Sign up for our daily briefing

Make your busy days simpler with Axios AM/PM. Catch up on what's new and why it matters in just 5 minutes.

Please enter a valid email.

Please enter a valid email.

Subscription failed
Thank you for subscribing!

Catch up on the day's biggest business stories

Subscribe to Axios Closer for insights into the day’s business news and trends and why they matter

Please enter a valid email.

Please enter a valid email.

Subscription failed
Thank you for subscribing!

Stay on top of the latest market trends

Subscribe to Axios Markets for the latest market trends and economic insights. Sign up for free.

Please enter a valid email.

Please enter a valid email.

Subscription failed
Thank you for subscribing!

Sports news worthy of your time

Binge on the stats and stories that drive the sports world with Axios Sports. Sign up for free.

Please enter a valid email.

Please enter a valid email.

Subscription failed
Thank you for subscribing!

Tech news worthy of your time

Get our smart take on technology from the Valley and D.C. with Axios Login. Sign up for free.

Please enter a valid email.

Please enter a valid email.

Subscription failed
Thank you for subscribing!

Get the inside stories

Get an insider's guide to the new White House with Axios Sneak Peek. Sign up for free.

Please enter a valid email.

Please enter a valid email.

Subscription failed
Thank you for subscribing!

Axios on your phone

Get breaking news and scoops on the go with the Axios app.

Download for free.

Catch up on coronavirus stories and special reports, curated by Mike Allen everyday

Catch up on coronavirus stories and special reports, curated by Mike Allen everyday

Please enter a valid email.

Please enter a valid email.

Subscription failed
Thank you for subscribing!

Want a daily digest of the top Denver news?

Get a daily digest of the most important stories affecting your hometown with Axios Denver

Please enter a valid email.

Please enter a valid email.

Subscription failed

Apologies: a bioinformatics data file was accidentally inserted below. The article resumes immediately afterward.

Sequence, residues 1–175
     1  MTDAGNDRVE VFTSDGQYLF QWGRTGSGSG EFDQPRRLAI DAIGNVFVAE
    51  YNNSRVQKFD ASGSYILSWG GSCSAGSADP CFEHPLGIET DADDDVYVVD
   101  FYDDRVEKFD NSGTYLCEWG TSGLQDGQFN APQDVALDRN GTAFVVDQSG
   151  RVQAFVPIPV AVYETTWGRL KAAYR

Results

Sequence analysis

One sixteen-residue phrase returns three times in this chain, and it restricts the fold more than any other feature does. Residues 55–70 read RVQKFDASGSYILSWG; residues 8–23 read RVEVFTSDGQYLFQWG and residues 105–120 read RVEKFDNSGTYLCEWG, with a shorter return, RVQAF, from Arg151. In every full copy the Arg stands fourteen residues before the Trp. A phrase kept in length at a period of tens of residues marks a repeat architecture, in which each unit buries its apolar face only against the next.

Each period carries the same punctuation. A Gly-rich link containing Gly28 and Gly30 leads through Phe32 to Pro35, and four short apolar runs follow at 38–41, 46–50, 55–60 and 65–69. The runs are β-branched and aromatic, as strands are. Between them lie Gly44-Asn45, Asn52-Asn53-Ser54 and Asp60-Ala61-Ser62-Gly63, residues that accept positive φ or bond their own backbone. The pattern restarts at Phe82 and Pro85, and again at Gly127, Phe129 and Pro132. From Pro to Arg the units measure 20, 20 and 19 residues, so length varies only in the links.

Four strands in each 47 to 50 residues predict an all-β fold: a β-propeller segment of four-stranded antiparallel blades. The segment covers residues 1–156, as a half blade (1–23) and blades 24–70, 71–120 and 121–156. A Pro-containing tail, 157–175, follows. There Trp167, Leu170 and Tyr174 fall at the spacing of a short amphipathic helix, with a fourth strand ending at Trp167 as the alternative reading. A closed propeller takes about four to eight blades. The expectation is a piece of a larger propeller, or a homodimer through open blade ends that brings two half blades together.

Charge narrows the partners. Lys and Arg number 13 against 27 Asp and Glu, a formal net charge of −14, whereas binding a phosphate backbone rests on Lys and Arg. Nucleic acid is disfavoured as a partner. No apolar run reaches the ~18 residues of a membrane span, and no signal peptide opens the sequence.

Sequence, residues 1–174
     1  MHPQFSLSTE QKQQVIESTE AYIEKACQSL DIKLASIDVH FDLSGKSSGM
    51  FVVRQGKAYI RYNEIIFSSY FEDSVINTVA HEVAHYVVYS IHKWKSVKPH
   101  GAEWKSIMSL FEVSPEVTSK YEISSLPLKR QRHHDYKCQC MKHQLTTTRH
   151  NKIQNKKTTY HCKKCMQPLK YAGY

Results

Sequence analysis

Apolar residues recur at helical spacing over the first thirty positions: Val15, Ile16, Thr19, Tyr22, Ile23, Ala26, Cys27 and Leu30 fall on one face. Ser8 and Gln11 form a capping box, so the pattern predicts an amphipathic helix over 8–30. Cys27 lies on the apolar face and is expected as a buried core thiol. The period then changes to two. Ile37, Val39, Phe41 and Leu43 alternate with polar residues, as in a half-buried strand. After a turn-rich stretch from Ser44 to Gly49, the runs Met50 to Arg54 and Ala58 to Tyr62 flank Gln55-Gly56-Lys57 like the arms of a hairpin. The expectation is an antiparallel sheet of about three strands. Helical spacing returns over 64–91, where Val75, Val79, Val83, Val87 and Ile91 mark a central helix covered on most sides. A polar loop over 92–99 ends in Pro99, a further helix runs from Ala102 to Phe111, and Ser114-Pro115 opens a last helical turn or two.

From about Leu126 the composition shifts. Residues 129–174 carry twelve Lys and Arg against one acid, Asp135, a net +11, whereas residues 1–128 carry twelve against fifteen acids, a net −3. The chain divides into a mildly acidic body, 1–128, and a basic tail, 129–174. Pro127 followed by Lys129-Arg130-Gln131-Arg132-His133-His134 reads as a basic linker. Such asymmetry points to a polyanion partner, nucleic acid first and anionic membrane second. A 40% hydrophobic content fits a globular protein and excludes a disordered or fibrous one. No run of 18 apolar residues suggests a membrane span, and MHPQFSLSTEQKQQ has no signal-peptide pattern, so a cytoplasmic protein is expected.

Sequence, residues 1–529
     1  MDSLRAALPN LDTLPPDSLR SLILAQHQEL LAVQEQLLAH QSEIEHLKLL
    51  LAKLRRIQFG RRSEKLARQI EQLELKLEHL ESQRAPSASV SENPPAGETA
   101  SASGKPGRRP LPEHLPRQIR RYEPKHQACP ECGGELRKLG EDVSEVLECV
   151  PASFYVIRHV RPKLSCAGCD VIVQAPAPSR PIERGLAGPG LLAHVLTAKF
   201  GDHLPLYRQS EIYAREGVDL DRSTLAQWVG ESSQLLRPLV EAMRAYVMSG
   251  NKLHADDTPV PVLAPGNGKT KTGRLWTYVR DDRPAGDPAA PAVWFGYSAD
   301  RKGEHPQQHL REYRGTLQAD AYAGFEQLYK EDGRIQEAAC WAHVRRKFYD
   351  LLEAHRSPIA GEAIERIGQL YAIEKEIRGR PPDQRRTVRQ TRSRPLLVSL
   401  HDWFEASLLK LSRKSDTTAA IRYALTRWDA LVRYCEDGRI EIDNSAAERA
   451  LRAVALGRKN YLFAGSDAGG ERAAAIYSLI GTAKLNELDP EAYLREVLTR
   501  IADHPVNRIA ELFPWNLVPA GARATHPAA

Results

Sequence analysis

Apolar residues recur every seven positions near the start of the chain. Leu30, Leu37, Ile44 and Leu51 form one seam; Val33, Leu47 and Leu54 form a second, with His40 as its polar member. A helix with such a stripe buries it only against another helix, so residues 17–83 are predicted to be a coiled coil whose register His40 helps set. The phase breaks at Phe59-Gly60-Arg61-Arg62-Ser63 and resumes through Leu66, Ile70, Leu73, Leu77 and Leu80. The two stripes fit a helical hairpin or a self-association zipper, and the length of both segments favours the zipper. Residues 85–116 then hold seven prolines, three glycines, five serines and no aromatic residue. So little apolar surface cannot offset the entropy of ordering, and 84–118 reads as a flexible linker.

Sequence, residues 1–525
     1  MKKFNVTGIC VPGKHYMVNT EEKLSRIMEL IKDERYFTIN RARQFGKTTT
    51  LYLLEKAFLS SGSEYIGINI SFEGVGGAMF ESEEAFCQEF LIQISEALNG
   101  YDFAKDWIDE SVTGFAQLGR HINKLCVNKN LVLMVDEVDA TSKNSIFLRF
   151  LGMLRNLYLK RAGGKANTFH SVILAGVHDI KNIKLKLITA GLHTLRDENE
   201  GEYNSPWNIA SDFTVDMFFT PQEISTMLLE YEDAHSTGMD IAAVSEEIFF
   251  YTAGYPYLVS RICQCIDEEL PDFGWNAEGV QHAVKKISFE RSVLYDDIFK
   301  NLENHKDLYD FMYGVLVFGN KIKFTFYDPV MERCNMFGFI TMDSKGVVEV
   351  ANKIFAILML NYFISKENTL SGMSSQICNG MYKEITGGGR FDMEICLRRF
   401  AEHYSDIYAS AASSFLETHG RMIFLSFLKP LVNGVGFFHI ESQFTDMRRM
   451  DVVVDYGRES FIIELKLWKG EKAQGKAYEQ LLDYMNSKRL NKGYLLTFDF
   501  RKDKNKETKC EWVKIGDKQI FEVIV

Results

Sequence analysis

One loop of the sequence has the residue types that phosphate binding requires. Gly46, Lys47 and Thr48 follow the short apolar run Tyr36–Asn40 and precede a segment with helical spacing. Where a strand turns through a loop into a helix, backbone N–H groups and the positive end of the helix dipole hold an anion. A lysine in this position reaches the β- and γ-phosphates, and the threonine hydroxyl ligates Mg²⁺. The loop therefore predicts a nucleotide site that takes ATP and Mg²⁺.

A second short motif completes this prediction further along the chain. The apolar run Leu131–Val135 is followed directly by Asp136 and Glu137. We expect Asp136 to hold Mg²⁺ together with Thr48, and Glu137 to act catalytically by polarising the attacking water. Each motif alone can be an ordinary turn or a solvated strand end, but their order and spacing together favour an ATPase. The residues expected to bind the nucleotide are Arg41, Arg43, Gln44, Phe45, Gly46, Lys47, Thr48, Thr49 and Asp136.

Thank you for subscribing!

Want a daily digest of the top Des Moines news?

Get a daily digest of the most important stories affecting your hometown with Axios Des Moines

Please enter a valid email.

Please enter a valid email.

Subscription failed
Thank you for subscribing!

Want a daily digest of the top Twin Cities news?

Get a daily digest of the most important stories affecting your hometown with Axios Twin Cities

Please enter a valid email.

Please enter a valid email.

Subscription failed
Thank you for subscribing!

Want a daily digest of the top Tampa Bay news?

Get a daily digest of the most important stories affecting your hometown with Axios Tampa Bay

Please enter a valid email.

Please enter a valid email.

Subscription failed
Thank you for subscribing!

Want a daily digest of the top Charlotte news?

Get a daily digest of the most important stories affecting your hometown with Axios Charlotte

Please enter a valid email.

Please enter a valid email.

Subscription failed
Thank you for subscribing!

Sign up for Axios NW Arkansas

Stay up-to-date on the most important and interesting stories affecting NW Arkansas, authored by local reporters

Please enter a valid email.

Please enter a valid email.

Subscription failed
Thank you for subscribing!

Please enter a valid email.

Please enter a valid email.

Subscription failed
Thank you for subscribing!

Illustration: Caresse Haaser, Rebecca Zisser/Axios

Science is increasingly specialized, big and so information-saturated that experts can struggle to keep up in their own fields, fueling debate about whether the massive investments are being matched with novel findings and solutions.

What's new: Generating disruptive ideas, according to research published this week, can be encouraged in two seemingly contrasting ways — by forming small teams and leveraging crowds of workers. Each addresses a common enemy of innovation: how we interfere with each other's thinking and creativity.

Big idea 1: Small teams of scientists are more likely than large ones to produce disruptive ideas, according to a new analysis of more than 65 million scientific papers, patents and computer code published between 1954 and 2014.

  • A study was deemed more disruptive if those that come along later and cite it don't include the research the original study drew on — a sign that the work was original and took the field in a new direction.